Brexit causing supply problems for small UK manufacturers: survey

The European Commission’s winter economic forecast estimate that the EU economy will grow by 3.7% in 2021 and 3.9% in 2022. Europe remains in the grip of the coronavirus pandemic with many countries experiencing a resurgence in cases and the need to reintroduce or tighten containment measures. At the same time, the start of vaccination programmes has provided the EU with grounds for cautious optimism.

Economic growth is set to resume in the spring and gather momentum in the summer as vaccination programmes progress and containment measures gradually ease. An improved outlook for the global economy is also set to support the recovery, with the US and Japan also undertaking strong recovery measures. 

The economic impact of the pandemic remains uneven across the EU with the speed of the recovery projected to vary significantly.

“We can say we face fewer unknown risk and more known risks” 

Risks surrounding the forecast are described as more balanced since the autumn, though they remain high. They are mainly related to the evolution of the pandemic and the success of vaccination campaigns.On the positive side, extensive vaccination could lead to a faster-than-expected easing of containment measures and therefore an earlier and stronger recovery.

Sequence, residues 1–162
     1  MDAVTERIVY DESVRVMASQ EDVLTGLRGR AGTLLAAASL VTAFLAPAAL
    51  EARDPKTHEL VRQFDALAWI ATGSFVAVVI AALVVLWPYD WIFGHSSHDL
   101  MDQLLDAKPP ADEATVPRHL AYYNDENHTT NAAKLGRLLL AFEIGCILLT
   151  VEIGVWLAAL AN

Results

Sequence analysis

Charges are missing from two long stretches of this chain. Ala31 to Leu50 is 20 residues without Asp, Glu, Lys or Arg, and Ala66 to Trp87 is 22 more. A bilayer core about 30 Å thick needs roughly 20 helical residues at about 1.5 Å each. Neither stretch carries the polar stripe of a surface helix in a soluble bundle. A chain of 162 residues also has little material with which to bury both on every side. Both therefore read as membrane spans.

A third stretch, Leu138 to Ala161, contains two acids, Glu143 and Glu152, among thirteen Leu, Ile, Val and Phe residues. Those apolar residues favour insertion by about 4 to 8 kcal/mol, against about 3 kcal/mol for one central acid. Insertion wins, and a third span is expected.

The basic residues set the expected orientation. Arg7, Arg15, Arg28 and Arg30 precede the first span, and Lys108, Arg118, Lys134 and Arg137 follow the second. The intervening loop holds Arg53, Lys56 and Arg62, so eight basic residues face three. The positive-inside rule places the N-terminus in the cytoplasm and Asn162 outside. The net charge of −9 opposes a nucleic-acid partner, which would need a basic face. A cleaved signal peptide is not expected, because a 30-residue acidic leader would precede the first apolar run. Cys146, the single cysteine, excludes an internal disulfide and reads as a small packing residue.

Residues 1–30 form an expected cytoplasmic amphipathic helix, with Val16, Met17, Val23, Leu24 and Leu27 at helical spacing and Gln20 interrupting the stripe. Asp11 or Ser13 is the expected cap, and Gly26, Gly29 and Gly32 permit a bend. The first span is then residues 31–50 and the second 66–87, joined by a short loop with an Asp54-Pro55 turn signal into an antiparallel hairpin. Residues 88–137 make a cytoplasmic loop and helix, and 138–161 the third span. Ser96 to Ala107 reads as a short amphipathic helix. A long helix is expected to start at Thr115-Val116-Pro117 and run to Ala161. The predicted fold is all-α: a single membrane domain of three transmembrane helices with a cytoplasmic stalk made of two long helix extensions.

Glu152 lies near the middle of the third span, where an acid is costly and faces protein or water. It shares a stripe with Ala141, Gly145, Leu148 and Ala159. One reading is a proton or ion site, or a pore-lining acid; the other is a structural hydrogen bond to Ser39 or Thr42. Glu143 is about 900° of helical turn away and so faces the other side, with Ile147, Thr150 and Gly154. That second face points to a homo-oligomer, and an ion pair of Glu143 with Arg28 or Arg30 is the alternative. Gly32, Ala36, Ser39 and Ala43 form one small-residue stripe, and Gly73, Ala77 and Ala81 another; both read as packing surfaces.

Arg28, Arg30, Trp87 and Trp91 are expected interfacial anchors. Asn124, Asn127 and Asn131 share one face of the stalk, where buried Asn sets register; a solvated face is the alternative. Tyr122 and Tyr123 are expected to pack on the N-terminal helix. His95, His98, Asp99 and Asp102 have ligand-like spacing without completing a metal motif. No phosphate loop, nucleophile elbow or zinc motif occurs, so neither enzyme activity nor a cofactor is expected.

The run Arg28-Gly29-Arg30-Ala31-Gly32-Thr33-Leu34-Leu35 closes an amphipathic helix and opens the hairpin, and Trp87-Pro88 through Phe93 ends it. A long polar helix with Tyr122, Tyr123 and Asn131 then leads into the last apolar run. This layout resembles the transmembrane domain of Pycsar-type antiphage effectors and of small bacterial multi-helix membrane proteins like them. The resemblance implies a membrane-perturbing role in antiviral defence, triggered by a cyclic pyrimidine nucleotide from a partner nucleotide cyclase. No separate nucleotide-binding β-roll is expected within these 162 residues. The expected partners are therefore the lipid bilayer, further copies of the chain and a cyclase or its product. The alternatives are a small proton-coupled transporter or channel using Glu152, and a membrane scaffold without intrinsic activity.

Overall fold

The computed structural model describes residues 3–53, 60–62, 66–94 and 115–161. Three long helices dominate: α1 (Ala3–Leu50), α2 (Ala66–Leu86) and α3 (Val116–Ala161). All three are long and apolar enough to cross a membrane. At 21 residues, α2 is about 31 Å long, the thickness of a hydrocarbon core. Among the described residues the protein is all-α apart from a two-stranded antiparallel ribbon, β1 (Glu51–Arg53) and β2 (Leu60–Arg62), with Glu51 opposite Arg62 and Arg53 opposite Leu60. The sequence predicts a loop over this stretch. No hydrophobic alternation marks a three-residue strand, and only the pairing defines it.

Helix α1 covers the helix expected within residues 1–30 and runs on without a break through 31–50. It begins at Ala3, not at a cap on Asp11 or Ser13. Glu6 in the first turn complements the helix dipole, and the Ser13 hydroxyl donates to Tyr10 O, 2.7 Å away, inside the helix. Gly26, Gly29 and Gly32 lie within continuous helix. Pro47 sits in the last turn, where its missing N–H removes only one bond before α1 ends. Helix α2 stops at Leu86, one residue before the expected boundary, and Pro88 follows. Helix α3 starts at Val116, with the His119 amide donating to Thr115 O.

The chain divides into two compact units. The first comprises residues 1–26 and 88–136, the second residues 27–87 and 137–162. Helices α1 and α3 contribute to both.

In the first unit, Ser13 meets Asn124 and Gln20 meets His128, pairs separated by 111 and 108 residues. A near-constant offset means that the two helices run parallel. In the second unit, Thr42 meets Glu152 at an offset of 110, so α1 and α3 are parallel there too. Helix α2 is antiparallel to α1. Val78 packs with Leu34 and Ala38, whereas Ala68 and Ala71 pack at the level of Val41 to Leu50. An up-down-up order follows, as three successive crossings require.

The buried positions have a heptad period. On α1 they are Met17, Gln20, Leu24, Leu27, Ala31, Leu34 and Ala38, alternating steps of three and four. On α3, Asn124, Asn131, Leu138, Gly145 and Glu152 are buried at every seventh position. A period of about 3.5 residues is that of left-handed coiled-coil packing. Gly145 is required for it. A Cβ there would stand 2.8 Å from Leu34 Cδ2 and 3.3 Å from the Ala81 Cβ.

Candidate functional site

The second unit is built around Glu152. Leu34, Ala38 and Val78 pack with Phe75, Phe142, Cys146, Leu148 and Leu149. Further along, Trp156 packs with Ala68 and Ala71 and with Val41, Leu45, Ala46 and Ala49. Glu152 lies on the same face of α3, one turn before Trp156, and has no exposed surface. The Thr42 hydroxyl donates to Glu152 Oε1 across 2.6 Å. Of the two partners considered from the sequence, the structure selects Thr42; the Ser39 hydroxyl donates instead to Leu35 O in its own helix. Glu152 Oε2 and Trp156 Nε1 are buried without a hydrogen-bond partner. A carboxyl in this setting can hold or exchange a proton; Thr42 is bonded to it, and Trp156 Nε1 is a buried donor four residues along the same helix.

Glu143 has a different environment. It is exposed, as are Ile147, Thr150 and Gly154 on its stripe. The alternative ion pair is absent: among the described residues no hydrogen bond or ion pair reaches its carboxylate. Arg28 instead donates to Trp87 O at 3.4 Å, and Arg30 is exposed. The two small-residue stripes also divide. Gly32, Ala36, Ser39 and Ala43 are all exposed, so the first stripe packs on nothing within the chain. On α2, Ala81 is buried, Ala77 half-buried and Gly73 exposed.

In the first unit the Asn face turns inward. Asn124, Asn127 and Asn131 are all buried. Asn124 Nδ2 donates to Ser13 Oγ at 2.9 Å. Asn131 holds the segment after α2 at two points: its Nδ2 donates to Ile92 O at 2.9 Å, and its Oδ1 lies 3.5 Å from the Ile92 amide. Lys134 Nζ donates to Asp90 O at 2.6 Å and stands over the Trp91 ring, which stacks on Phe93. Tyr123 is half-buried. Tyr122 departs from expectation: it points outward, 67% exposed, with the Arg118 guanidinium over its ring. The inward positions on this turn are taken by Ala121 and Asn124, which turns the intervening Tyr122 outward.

The forecast has not fully factored in the impact of the EU’s recovery instrument of which the centrepiece is the Recovery and Resilience Facility (RRF), this could fuel stronger growth than projected.

 In terms of negative risks, the pandemic could prove more persistent or severe in the near-term than assumed in this forecast, or there could be delays in the roll-out of vaccination programmes. This could delay the easing of containment measures, which would in turn affect the timing and strength of the expected recovery. 

There is also a risk that the crisis could leave deeper scars in the EU’s economic and social fabric, notably through widespread bankruptcies and job losses. This would also hurt the financial sector, increase long-term unemployment and worsen inequalities.

Paolo Gentiloni, Commissioner for Economy said: “Europeans are living through challenging times. We remain in the painful grip of the pandemic, its social and economic consequences all too evident. Yet there is, at last, light at the end of the tunnel. The EU economy should return to pre-pandemic GDP levels in 2022, earlier than previously expected – though the output lost in 2020 will not be recouped so quickly, or at the same pace across our Union.”


Asked about the impact of Brexit, Gentiloni said that the exit of the UK and the free trade agreement that the EU finally reached with the UK implies an output loss of around half a percentage point of GDP until the end of 2022 for the Union and some 2.2% loss for the UK in the same period. He compared these figures with the estimates in the autumn forecast, which were based on the assumption of no agreements and of a WTO-terms deal. The agreed TCA reduces the negative impact on average by about one third for the EU and one quarter for the UK.

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